• The first two movements are done pyramid-style. Increase the weight after the first set and perform fewer reps.
Push-up
Beginner's Routine

Goal 4 Upper-chest emphasis

This workout hits the incline bench movement not once, but twice. However, the manner in which you work it changes. For one, the angle of the incline bench for barbells is much steeper than the low incline you use with dumbbells, so your upper pecs get a slightly different stimulus. Second, you'll work a different intensity and rep range at each angle.

We haven't abandoned the other angles completely; there are heavy decline presses in there, as well. After you finish the multijoint movements, you'll jump right into a single-joint exercise that focuses on the upper pecs.

Notes

  • Choose a weight that allows you to reach muscle failure by the target rep listed.
  • This scheme follows a reverse pyramid, meaning you lighten the weight for slightly higher reps on each set after your first 1-2 sets.
  • If you can, use an altogether different bench angle for the incline cable fly. Just don't go too steep. You can also substitute low-pulley cable crossovers or incline dumbbell flyes here.
  • If you have a spotter, do a few forced reps on your heaviest set of each exercise, which should be your first or second set. If you don't have a partner, train as close to muscle failure as possible.
Barbell incline bench press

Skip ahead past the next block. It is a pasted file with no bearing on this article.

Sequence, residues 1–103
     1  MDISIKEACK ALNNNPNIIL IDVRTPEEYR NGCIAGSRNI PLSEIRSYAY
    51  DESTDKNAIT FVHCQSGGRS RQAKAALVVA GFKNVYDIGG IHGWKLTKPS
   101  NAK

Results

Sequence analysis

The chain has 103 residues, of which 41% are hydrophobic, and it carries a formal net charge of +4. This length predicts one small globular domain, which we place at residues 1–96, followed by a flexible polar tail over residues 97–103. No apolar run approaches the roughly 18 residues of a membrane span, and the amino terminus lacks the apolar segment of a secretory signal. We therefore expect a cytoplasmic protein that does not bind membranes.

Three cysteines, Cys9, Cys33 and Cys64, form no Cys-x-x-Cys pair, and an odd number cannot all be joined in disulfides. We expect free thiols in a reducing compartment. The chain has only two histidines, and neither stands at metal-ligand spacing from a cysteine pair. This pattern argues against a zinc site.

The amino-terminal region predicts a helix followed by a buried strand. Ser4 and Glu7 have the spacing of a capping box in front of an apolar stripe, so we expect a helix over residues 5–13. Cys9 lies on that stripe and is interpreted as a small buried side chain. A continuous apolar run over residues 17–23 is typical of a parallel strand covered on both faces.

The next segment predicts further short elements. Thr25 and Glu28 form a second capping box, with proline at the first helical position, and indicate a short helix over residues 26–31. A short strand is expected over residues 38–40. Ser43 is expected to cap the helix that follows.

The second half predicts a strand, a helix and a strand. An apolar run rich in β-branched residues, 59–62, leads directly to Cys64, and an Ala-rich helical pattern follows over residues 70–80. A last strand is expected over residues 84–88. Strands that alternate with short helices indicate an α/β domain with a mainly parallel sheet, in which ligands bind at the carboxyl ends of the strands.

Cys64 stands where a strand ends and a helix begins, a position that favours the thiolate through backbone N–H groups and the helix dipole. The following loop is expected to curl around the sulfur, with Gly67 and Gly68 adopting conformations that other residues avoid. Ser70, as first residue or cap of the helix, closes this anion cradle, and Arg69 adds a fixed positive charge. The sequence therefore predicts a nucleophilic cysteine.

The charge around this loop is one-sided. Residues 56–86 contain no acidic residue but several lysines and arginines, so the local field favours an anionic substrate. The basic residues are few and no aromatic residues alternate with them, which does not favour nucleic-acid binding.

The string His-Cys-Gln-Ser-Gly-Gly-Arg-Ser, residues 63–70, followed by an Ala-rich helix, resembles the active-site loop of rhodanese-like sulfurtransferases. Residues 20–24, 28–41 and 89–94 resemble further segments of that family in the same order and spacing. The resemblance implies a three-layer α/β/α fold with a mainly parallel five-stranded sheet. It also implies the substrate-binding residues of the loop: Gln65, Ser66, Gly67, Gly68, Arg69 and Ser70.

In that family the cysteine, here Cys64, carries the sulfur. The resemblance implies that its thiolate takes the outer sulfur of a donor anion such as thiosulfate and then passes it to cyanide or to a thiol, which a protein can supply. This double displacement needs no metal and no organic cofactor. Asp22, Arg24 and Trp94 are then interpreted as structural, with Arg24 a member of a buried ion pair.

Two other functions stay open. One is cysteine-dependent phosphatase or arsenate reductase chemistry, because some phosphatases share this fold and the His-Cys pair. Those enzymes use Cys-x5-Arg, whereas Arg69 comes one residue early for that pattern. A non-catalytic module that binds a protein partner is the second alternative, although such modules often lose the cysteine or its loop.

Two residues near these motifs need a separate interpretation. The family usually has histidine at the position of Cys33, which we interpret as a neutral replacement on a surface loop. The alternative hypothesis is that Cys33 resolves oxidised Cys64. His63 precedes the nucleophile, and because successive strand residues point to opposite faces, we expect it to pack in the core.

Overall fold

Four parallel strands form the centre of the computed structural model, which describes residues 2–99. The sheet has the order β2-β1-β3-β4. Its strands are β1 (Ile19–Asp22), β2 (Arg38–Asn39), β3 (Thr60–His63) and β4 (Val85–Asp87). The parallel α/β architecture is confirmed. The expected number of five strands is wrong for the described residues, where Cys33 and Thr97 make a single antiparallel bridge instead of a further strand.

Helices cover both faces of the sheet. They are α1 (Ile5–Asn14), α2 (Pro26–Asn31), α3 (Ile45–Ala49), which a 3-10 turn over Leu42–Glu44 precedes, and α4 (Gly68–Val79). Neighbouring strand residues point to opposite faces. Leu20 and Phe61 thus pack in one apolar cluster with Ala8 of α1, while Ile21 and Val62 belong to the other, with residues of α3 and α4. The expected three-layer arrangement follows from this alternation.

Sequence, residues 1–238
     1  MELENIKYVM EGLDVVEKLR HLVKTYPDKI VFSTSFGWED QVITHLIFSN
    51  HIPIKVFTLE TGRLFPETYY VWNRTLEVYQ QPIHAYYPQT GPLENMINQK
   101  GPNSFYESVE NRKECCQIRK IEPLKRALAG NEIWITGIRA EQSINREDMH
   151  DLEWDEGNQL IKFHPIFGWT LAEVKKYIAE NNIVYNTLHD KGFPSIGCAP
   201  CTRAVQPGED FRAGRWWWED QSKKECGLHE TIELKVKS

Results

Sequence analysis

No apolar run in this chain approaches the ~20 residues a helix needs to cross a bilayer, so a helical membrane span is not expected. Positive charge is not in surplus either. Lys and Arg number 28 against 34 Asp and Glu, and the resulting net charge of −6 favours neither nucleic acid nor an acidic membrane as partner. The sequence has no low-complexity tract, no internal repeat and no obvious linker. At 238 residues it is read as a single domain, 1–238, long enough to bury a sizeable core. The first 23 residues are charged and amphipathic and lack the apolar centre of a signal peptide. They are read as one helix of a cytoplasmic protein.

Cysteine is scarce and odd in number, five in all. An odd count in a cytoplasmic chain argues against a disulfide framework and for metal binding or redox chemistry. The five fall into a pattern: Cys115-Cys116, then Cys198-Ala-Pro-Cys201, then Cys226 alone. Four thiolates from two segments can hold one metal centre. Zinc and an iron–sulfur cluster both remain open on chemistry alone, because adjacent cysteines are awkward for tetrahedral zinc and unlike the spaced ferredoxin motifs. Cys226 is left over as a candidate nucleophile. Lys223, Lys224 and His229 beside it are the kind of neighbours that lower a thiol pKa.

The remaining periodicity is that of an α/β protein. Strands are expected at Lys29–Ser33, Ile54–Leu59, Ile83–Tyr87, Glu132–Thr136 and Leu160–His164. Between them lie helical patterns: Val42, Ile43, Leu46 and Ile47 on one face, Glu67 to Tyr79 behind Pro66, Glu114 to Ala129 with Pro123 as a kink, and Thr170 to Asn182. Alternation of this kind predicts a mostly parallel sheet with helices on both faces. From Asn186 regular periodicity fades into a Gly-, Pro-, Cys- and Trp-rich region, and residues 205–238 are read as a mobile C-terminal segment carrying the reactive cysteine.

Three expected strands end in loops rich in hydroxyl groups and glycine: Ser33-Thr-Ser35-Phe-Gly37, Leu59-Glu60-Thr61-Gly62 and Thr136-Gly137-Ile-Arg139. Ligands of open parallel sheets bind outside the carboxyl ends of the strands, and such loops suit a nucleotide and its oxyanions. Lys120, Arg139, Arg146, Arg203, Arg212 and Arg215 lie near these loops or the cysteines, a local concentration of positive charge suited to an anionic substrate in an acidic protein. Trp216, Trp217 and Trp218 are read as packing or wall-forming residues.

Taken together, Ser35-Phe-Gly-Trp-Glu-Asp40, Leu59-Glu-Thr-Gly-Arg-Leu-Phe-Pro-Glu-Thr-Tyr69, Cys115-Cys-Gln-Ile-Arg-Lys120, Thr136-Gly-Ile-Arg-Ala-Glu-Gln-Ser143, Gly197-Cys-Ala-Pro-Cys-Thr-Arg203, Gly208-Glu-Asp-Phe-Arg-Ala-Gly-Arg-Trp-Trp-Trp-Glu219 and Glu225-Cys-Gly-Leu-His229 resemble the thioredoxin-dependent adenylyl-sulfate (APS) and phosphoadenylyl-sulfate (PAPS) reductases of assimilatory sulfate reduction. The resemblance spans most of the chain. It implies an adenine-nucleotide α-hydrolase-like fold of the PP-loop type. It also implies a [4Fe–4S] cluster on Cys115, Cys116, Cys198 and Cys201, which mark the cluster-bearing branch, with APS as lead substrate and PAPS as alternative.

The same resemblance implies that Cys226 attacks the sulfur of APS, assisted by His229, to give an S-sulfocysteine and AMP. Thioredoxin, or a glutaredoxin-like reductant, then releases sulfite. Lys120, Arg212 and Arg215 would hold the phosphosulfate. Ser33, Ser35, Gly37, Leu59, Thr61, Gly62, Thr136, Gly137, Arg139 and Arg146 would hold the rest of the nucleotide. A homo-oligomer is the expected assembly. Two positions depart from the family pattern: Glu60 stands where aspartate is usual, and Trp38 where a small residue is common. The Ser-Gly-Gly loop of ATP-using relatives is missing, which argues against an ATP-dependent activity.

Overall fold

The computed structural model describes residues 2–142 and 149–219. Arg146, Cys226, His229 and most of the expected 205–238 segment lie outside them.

Emphasis On Upper Chest

Goal 5 Lower-chest emphasis

The recipe here is similar to the upper-chest-focused routine, but flipped. You're doing a greater number of movements targeting the lower chest region from different decline angles. You'll still be hitting the upper chest as well, though. It concludes with a powerful pec-pumping superset: multijoint dips with cable crossovers. Get ready to feel it!

Notes

  • Choose a weight that allows you to reach muscle failure by the target rep listed.
  • This scheme follows a reverse pyramid, meaning you lighten the weight for slightly higher reps on each set after your first 1-2 sets.
  • On the decline press, sit at a slight sideways angle on the bench. Bracing yourself with your free hand, press across your body with one arm at a time.
  • If you have a spotter, do a few forced reps on your heaviest set of each exercise, which should be your first or second set. If you don't have a partner, train as close to muscle failure as possible.
  • To emphasize the chest during dips, lean forward by bringing your feet up behind you, and allow your elbows to flare out as you descend.

A video posted by Marc Megna (@marcmegna) on

Emphasis On Lower Chest

Goal 6 Pre-exhaust the chest

If your triceps are especially sore after a hard chest workout, chances are they're working harder than your pecs. One answer is to try and minimize their involvement by following a pre-exhaust workout.

With this technique, you isolate your pecs with a single-joint move in which the triceps aren't actively engaged, like a fly variation or cable crossover. With your chest fatigued from the isolation exercises, you then perform your multijoint moves with your triceps fresh, meaning they'll be less likely to give out first before your pecs.

This style of training is great for overcoming chest growth plateaus. However, you'll still want to keep your reps on the higher end for single-joint movements so as to not overtax the joints.

Notes

  • Choose a weight that allows you to reach muscle failure by the target rep listed.
  • By flip-flopping the exercises, you'll be a little stronger on your flyes but a bit weaker on your presses, so adjust your weights accordingly.
Pre-Exhaust Routine